I only made two reservations ahead of time for this trip, and one of them was for tonight. We also wanted to explore Crater Lake National Park more, but there’s just too much we want to see, and no matter how much time you have, its never enough. We packed up camp in cool but dry weather, and stopped for a little more sight seeing before leaving the Park.
(The island is called Wizard Island. Kevin and I thought it was more suited as the lair of an evil genius).
Heading west back toward the coast:
Its sort of strange feeling having ridden all the way to Oregon. We’re like our pioneer fore-bearers, blazing a trail west, using only our wits and our credit cards:
Foraging for free wi-fi:
The destination for tonight was a fire tower in a national forest in Oregon. Before we’d left for the trip, we’d discovered this neat program in one of our travel books (thanks Uncle Bill). Basically, the towers used to be used by forest service personnel to watch and report wild fires, and track the weather. Technology has eliminated the need for a person to do this job, but the towers remain. Since the towers are technically obsolete, there is no longer funding to maintain them. Rather than let them fall into dis-repair, the forest service chose to rent them out. The program turned out to be hugely popular, requiring reservation months ahead of time. The funds pay to maintain the old towers, which still serve as a back up for forest service operations.
The towers are obviously located in places with some spectacular views, and its easy to see why the program is so popular. Even though we arrived in the rain, it was still pretty neat. There is no running water, but the propane heater kept me warm enough to recommend the experience.
Getting to the tower on the bikes was a bit of an adventure. According to the directions, we would have to ride about 8 miles of unpaved forest service road (which didn’t sound so bad). We ended up riding about 30 miles off road, and almost didn’t make it to the tower. We rode the final three hours of the day in the rain, and managed to miss a turn to head to the fire tower. We rode about ten miles of slow and difficult gravel road (with wet, greasy, slippery sections thrown in for fun) on forest rd 33 heading south before we realized our mistake. When we stopped, it was after 6:30, and we hadn’t eaten since lunch. We agreed to try go back and look for the turn, but give up and find a hotel if we couldn’t find it within 45 minutes.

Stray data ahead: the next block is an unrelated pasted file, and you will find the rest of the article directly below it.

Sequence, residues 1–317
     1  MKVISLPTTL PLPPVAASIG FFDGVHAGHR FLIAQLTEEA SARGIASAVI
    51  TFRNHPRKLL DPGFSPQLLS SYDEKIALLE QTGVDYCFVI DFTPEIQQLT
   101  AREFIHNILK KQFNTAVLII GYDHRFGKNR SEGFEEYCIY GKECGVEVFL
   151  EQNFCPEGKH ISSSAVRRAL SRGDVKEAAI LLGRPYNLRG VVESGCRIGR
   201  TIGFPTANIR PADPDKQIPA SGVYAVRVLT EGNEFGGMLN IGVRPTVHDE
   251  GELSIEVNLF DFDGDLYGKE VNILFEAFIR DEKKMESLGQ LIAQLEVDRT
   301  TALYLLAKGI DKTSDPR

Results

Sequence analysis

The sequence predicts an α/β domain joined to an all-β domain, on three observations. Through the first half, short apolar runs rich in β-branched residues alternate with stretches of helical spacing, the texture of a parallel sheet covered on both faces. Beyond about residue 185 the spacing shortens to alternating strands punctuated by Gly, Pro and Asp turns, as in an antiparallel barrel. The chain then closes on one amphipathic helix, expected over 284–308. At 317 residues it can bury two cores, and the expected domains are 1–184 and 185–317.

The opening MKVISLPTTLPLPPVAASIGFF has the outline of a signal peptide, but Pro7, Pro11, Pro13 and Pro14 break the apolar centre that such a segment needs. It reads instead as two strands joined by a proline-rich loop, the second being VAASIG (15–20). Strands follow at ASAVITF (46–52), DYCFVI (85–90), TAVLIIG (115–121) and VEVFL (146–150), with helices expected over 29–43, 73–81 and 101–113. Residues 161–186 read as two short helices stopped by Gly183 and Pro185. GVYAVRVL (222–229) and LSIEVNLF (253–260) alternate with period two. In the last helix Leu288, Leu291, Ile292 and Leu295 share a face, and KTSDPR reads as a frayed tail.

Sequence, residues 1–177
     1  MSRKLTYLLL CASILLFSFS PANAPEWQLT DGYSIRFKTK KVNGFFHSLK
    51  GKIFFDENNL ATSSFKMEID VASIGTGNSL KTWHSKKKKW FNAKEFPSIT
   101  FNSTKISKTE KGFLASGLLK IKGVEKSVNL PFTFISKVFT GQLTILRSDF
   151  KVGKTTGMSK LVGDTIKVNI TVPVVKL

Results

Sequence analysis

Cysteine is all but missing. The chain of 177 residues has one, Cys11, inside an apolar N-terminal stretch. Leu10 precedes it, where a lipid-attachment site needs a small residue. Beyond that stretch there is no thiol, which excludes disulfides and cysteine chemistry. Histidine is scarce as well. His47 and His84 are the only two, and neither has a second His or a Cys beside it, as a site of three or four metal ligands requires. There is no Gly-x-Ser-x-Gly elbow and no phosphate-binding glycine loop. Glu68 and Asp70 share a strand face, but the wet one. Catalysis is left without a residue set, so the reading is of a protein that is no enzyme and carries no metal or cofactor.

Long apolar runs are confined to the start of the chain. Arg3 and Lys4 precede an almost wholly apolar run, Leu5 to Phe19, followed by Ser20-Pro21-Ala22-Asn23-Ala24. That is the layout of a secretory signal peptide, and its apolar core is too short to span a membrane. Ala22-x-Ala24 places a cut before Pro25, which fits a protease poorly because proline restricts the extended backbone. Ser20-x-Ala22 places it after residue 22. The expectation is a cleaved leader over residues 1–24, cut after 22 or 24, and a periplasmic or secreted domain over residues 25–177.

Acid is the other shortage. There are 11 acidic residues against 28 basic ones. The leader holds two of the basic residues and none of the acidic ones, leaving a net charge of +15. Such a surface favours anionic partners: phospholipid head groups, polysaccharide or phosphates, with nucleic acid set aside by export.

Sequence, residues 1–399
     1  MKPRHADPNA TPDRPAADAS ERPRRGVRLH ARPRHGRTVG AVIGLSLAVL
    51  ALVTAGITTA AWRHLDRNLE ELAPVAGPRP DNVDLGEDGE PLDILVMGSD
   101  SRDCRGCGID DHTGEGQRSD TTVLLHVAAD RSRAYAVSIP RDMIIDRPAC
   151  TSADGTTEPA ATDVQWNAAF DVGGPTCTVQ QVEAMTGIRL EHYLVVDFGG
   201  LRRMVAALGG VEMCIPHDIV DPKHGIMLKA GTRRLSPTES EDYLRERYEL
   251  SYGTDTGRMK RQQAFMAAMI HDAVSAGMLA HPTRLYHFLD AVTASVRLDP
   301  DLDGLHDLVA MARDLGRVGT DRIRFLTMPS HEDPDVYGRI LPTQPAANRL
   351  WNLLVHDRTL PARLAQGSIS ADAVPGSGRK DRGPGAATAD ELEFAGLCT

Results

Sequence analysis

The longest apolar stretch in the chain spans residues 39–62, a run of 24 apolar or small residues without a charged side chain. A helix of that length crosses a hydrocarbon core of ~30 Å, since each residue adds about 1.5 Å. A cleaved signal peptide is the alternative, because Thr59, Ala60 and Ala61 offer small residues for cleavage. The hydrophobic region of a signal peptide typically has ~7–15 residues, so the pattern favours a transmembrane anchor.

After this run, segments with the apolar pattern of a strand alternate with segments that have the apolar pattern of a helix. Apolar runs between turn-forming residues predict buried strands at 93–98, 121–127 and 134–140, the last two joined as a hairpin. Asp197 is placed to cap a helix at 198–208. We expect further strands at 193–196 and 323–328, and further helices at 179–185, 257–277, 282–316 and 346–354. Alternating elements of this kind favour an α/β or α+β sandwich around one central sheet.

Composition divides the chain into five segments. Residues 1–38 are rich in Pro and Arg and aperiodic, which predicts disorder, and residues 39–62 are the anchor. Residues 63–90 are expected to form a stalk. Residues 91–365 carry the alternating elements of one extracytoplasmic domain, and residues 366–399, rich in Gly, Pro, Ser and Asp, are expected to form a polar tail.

Finding the turn we had missed 45 minutes later was a mixed blessing. The condition of the road leading to the tower is passable by car, but just barely. The forest service trucks are four wheel drive. Conquering that steep, rutted, greasy, rough road on a fully loaded street bike in the rain and cold is just plain hard-core. Kevin’s bike pretends to have some off-road capability, my bike makes no such claims. In the motorcycle adventure touring community, the “adventure” part is interpreted by purists to include some serious off-pavement riding. Making the tower without any mishaps definitely put the adventure into our tour.
7/17/2012 – 241 miles. Staying in the fire tower is definitely one of the favorite and most memorable experiences so far on this trip.